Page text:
A Short History

The folks at Kentucky's Creation Museum create their own version of history.

By Kelly Tuttle | June 2, 2016

Creation Museum
2800 Bullittsburg Church Road
Petersburg, KY 41080

I went to the Creation Museum in Petersburg, Kentucky, because I like science museums and natural-history museums, and I was curious to see how this museum combines the two. I thought the combination would be difficult to pull off. Mostly, I was curious to see how the museum presented itself. The outside of the building, which faces a pleasant garden complete with lake and serpentine paths, suggests an open, airy interior. The inside, however, is strangely dark owing to the tinted windows in the main hall and the lack of windows in the exhibition halls. The narrow, one-way corridors feel confining, and the frequent signs telling visitors to keep to the side so that others may pass do not help. The museum is described as a “‘walk through biblical history’—with a heavy evangelistic emphasis,” but the weight of the emphasis makes the walk rather unpleasant despite the dinosaur-filled displays.

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Adam and Eve take a bath in the Garden of Eden diorama at the Creation Museum.

Adam and Eve take a bath in the Garden of Eden diorama at the Creation Museum.

Kelly Tuttle

The museum displays “creation science” and is associated with Answers in Genesis (AiG), a Christian apologetics ministry that defends a certain theological point of view but is not itself a church. Specifically, the museum displays “evidence” of Young Earth Creationism, a belief most often associated with Henry Morris, the founder of the Institute for Creation Research. Young Earth Creationism, which gained popularity in the 1960s, assumes that the earth and its solar system are approximately 6,000 years old and were created in six 24-hour days. Everything shown in the fossil record coexisted with humans and other animals, for all were created within that six-day period. Then, some 1,500 years later, a flood swept over the world, leaving only the descendants of those creatures carried on Noah’s ark. Dinosaurs were saved and existed after the flood; they show up in the medieval world as dragons until finally dying out, helped on their road to extinction by such big-game hunters as St. George.

In the museum AiG is keen to show how creation scientists and evolutionary scientists use the same data to reach different conclusions. Dinosaurs are given pride of place, from the replica of a reconstructed skeleton in the entryway, to the large models in the “dinosaur den” in the main hall, and on to the dinosaurs shown gamboling in the dioramas. A “dig site” begins the walkthrough in which animatronic paleontologists uncover a dinosaur fossil. A video from one of the on-staff paleontologists explains, “We come to different conclusions because of our different starting points.” He adds, “We all have the same facts; we merely interpret the facts differently.” He says he expects his fossil to be about 4,300 years old—the time of the global flood—rather than millions of years, and then finds it so. This is the main thrust of AiG’s argument—that the same facts will yield different results based on one’s starting point.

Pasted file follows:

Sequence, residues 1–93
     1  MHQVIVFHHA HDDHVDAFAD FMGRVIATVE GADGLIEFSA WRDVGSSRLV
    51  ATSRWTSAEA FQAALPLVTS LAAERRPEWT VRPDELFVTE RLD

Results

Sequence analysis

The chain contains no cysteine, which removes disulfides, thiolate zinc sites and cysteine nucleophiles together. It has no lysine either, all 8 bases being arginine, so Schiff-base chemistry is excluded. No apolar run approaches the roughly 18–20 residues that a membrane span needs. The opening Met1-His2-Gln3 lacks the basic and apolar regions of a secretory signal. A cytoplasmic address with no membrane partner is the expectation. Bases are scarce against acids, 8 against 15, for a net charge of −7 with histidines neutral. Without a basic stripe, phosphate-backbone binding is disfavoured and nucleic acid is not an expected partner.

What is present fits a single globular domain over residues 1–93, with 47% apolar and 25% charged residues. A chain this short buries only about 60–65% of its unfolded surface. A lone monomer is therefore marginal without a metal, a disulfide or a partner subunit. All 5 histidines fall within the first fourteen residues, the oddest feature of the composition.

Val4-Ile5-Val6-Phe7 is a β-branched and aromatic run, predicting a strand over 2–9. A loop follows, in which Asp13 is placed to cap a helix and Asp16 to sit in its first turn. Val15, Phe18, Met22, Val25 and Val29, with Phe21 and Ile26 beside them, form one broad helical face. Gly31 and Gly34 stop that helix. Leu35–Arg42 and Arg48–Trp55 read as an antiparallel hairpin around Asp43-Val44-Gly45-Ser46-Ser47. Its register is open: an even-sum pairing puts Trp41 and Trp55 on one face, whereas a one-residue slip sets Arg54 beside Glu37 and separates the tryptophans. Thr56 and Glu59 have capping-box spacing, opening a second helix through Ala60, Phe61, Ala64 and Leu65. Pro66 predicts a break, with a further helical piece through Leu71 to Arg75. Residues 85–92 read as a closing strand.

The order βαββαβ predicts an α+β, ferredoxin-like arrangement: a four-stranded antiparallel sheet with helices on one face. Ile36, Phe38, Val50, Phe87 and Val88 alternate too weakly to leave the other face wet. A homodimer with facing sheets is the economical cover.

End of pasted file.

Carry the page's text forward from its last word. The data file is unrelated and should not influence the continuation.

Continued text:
The repetition quickly stales: there is variety in animals and people because God created many kinds of animals; God is a triune god and therefore likes diversity and unity. This notion explains both the families of species one sees now and in the fossil record as well as symbiotic relationships among creatures.

The displays do not present creation science as a productive science. Once the museum makes the case for creation science, where does it go from there? How does it further people’s knowledge of their world? How can one use it to advance scientific investigation? These questions are left unanswered.

To take one example, a film about birds discusses their hollow bones, wing structures, and feathers—all valid bits of biological information. The video ends, however, by saying birds have these features because God made them thus. It does not offer new insights. It does not provide new theories. It does not further one’s interest in discovery.

Videos constantly tell visitors what to see and what to think; there are no quiet times to reflect on the displays. The “special effects theater” reinforces this feeling with a video mocking the idea of evolution, or “goo to you.” The video encourages children to insist on the teaching of creationism in their schools, for, as the video states, “What’s idiotic is not to question.” Questioning is good. And yet the questions put forth here all lead back to the same answer in an endless loop, never varying, never evolving, and never really bringing new knowledge to the world.

If the Creation Museum could be visited as an adventure in American local color, then it might be worth a pricey stop ($29.95 for adults). Unfortunately, the number of young children learning to distrust the idea of evolution and finding only what they expect to find in their scientific inquiry made this less appealing as a quirky side jaunt.